Thread, which I covered in-depth as part of my HomePod mini review is a wireless communication protocol that has the advantage of extended range, longer battery life, and security. Devices that implement it don’t require a separate hub either because devices like the HomePod mini act as a border router coordinating communications among devices and the Internet.

Source: Eve Systems.

Source: Eve Systems.

The new Eve Energy smart plug will be available in the US on April 6th and the UK on May 4th according to The Verge and will cost $39.95 in the US. In addition to working with Apple’s HomeKit technology, Eve Energy benefits from having a constant power source, which allows it to act as a border router like the HomePod mini, further extending the reach of Thread devices throughout your home.

Eve Weather, which has an IPX3 water resistance rating, tracks the outdoor temperature, humidity, and barometric pressure. The device will cost $69.95 and be available in the US and Canada beginning on March 26th.

I’m glad to see more Thread-enabled products hitting the market. The promise of Thread has been difficult to test with so few devices available, but with the products announced by Eve Systems today and Nanoleaf’s existing lighting products, I expect that we’ll soon have a better idea of whether the promise lives up to the hype.


Apple Releases OS Updates with Better Music Hand Off for HomePod mini, Improvements to QR Code Scanning and Bluetooth Settings, the Unity Watch Face, and More

Today, Apple released iOS and iPadOS 14.4, HomePod 14.4, watchOS 7.3, which introduce a limited collection of new features along with the usual bug fixes.

On the iPhone and iPad, the Camera app can now scan smaller QR codes, which is handy for those tiny codes that are often used on product labels. The Bluetooth section of Settings has been updated with an option to identify the type of device connected to your iPhone, so it knows when headphones are connected for the purpose of sending audio notifications.

HomePod 14.4 adds a few new features that work in concert with the iPhone’s U1 chip. There is new visual, audible, and haptic feedback when music is handed off from an iPhone to a HomePod mini. The update also provides personalized listening suggestions when an iPhone is placed near a HomePod mini that isn’t currently playing audio. Media playback controls also appear automatically when an iPhone is nearby without having to unlock it first.

I have done some very preliminary testing of the new HomePod mini features and like them a lot. The haptic feedback is a quick slightly sustained vibration that lets you know that the music is being transferred. The animation that slides into view from the top of the screen includes a terrific little animation too. Bring your iPhone close to your HomePod mini again, and a button appears offering to transfer playback back to the iPhone. It’s a good example of how small changes together can make a big difference in the quality of the user experience.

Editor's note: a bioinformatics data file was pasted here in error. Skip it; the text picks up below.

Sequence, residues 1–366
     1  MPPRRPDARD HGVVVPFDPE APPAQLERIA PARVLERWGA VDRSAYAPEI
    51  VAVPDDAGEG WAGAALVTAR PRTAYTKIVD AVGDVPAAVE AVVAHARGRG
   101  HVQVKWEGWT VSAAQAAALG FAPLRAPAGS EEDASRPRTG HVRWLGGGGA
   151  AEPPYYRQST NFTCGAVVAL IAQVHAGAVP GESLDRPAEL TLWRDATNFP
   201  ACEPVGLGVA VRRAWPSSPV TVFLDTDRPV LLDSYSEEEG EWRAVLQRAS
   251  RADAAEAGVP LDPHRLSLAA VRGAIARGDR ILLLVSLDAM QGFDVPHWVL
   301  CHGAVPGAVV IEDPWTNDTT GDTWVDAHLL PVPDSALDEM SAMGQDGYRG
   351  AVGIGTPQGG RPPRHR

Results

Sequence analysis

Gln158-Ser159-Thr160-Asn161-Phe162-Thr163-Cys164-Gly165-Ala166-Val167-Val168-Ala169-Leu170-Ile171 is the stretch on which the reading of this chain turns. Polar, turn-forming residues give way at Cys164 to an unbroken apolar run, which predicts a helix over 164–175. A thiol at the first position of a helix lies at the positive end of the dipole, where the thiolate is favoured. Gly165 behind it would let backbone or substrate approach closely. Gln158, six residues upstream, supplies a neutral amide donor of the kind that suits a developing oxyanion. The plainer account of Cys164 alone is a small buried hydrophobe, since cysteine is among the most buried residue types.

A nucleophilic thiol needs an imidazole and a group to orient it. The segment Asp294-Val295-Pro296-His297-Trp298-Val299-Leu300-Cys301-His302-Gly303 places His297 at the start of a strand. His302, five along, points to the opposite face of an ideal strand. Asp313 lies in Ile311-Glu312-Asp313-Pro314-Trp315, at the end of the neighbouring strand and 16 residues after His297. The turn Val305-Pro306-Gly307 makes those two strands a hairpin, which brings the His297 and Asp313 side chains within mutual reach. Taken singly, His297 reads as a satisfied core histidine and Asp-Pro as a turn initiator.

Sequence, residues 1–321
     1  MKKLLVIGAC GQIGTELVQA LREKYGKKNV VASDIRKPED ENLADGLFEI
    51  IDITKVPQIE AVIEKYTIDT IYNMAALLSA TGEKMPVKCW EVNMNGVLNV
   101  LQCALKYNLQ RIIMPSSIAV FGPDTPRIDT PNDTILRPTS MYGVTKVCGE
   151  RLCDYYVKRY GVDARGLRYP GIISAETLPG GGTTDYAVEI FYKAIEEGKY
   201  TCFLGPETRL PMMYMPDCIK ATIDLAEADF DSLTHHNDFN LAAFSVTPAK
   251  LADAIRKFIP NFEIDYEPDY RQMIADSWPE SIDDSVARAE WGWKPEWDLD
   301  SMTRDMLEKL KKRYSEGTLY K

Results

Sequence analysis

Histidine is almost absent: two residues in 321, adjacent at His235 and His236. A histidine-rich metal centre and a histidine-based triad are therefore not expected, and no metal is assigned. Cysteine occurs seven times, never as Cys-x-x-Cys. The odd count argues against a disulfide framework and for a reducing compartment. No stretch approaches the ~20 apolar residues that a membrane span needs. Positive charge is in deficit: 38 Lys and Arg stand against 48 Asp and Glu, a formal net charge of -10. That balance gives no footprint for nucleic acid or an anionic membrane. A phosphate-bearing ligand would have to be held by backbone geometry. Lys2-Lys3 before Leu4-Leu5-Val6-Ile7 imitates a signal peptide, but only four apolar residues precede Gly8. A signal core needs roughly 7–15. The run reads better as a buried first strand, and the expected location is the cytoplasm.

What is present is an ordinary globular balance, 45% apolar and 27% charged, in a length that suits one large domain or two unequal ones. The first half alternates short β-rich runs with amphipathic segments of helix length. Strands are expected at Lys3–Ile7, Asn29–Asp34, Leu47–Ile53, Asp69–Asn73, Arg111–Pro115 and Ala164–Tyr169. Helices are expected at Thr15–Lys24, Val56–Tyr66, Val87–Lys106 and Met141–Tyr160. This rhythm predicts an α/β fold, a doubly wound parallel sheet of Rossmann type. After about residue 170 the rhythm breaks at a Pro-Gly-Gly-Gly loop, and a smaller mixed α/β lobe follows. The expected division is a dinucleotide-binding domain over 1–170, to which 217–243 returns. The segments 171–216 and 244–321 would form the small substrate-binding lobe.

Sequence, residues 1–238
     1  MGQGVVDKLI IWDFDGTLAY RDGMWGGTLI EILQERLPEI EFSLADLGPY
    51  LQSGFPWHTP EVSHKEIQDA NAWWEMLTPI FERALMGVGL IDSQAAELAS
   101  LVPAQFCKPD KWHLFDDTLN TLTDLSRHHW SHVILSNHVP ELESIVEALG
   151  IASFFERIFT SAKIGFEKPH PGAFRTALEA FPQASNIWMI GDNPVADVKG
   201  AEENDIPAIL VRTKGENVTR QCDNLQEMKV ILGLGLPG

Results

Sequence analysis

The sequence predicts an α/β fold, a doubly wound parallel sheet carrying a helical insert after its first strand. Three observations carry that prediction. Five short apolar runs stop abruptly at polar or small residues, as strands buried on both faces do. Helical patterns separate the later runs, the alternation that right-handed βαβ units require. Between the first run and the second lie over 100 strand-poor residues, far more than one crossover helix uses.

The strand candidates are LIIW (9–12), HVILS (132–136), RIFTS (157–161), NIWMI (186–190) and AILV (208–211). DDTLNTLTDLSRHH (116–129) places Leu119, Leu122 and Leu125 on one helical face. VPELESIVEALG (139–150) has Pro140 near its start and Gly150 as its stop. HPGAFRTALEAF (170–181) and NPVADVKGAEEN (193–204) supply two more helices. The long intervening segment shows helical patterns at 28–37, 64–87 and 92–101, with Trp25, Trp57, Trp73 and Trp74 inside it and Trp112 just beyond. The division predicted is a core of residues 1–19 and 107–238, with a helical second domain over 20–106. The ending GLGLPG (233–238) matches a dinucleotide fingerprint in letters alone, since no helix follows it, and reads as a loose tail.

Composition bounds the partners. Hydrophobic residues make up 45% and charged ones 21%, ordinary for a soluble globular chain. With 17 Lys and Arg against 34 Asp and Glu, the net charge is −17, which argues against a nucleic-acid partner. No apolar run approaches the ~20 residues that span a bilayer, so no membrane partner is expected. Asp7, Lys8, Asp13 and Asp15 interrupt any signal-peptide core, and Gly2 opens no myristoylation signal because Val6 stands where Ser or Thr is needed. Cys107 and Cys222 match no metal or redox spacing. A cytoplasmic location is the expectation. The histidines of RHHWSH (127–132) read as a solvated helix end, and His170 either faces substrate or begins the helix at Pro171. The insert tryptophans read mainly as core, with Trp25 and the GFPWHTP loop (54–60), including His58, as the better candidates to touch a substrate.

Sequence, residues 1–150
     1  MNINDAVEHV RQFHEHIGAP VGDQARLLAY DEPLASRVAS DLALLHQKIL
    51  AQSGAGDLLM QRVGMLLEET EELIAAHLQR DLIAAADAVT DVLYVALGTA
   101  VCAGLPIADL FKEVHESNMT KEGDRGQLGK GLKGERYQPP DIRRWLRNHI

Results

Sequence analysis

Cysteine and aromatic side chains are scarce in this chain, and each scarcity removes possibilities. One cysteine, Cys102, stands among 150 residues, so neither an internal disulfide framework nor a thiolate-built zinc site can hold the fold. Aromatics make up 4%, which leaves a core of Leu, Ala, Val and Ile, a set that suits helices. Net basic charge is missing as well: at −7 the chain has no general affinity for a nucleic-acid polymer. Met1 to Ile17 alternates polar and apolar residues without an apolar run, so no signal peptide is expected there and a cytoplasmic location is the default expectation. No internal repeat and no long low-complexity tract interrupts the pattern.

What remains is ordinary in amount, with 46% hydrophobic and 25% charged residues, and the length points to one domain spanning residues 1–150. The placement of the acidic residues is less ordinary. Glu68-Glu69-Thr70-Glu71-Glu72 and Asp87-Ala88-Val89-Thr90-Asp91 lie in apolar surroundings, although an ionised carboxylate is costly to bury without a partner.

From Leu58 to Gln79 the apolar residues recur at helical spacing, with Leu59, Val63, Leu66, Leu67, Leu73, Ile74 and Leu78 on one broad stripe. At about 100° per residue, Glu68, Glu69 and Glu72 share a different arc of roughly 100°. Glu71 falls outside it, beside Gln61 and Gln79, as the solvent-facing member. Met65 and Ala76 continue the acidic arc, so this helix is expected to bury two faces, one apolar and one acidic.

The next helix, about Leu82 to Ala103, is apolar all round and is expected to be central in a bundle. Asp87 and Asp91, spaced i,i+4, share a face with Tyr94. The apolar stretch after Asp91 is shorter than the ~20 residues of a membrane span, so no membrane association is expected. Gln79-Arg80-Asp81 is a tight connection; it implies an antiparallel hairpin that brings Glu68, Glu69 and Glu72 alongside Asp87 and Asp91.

The Apple Watch Unity watch face is part of watchOS 7.3.

The Apple Watch Unity watch face is part of watchOS 7.3.

As we reported earlier today, watchOS 7.3 includes the new Unity watch face. The colors of the face are inspired by the Pan-African flag and its shapes change throughout the day as you move. The ECG app has been added in Japan, Mayotte, the Philippines, and Thailand for Apple Watch Series 4 and later. Irregular heart rhythm notifications are now available in those same countries, plus Taiwan too. Apple’s release notes also mention the new Time to Walk feature in the Workout app, but that actually shipped yesterday with a server-side update.


Two Months with the HomePod mini: More Than Meets the Eye

As a smaller, affordable smart speaker tightly integrated with Apple services, the HomePod mini is a compelling product for many people. The mini is little enough to work just about anywhere in most homes. At $99, the device’s price tag also fits more budgets and makes multiple HomePod minis a far more realistic option than multiple original HomePods ever were. Of course, the mini comes with tradeoffs compared to its larger, more expensive sibling, which I’ll get into, but for many people, it’s a terrific alternative.

As compelling as the HomePod mini is as a speaker, though, its potential as a smart device reaches beyond the original HomePod in ways that have far greater implications for Apple’s place in customers’ homes. Part of the story is the mini’s ability to serve as a border router for Thread-compatible smart devices, forming a low-power, mesh network that can operate independently of your Wi-Fi setup. The other part of the story is the way the mini extends Siri throughout your home. Apple’s smart assistant still has room to improve. However, the promise of a ubiquitous audio interface to Apple services, apps, HomeKit devices, and the Internet is more compelling than ever as Siri-enabled devices proliferate.

For the past couple of months, I’ve been testing a pair of HomePod minis that Apple sent me. That pair joined my original HomePods and another pair of minis that I added to the setup to get a sense of what having a whole-home audio system with Siri always within earshot would be like. The result is a more flexible system that outshines its individual parts and should improve over time as the HomeKit device market evolves.